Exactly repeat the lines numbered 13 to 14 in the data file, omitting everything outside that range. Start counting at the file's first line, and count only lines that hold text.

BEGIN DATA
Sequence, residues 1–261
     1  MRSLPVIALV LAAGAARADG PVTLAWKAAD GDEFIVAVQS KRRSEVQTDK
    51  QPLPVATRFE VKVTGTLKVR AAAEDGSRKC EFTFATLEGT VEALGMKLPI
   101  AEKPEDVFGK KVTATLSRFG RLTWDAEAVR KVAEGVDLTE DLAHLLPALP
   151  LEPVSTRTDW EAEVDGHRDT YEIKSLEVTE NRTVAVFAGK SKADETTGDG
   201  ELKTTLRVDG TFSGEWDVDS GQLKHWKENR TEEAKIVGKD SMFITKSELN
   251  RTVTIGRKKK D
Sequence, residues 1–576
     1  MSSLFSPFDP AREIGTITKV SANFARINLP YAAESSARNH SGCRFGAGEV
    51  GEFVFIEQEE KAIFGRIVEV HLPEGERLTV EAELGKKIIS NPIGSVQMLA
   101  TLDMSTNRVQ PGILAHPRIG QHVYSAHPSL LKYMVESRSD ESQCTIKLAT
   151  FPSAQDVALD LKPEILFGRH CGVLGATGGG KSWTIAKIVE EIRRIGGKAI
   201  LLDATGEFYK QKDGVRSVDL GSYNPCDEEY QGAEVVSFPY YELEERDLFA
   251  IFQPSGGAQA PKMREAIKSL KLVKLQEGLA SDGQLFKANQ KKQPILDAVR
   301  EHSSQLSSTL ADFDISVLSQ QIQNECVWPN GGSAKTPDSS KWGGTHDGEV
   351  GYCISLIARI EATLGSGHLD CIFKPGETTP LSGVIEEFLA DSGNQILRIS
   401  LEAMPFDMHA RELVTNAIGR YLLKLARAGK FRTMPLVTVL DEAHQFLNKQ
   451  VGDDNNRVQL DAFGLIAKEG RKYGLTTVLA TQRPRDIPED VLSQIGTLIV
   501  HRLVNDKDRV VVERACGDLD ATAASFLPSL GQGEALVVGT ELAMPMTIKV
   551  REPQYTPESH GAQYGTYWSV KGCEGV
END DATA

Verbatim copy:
   201  LLDATGEFYK QKDGVRSVDL GSYNPCDEEY QGAEVVSFPY YELEERDLFA
   251  IFQPSGGAQA PKMREAIKSL KLVKLQEGLA SDGQLFKANQ KKQPILDAVR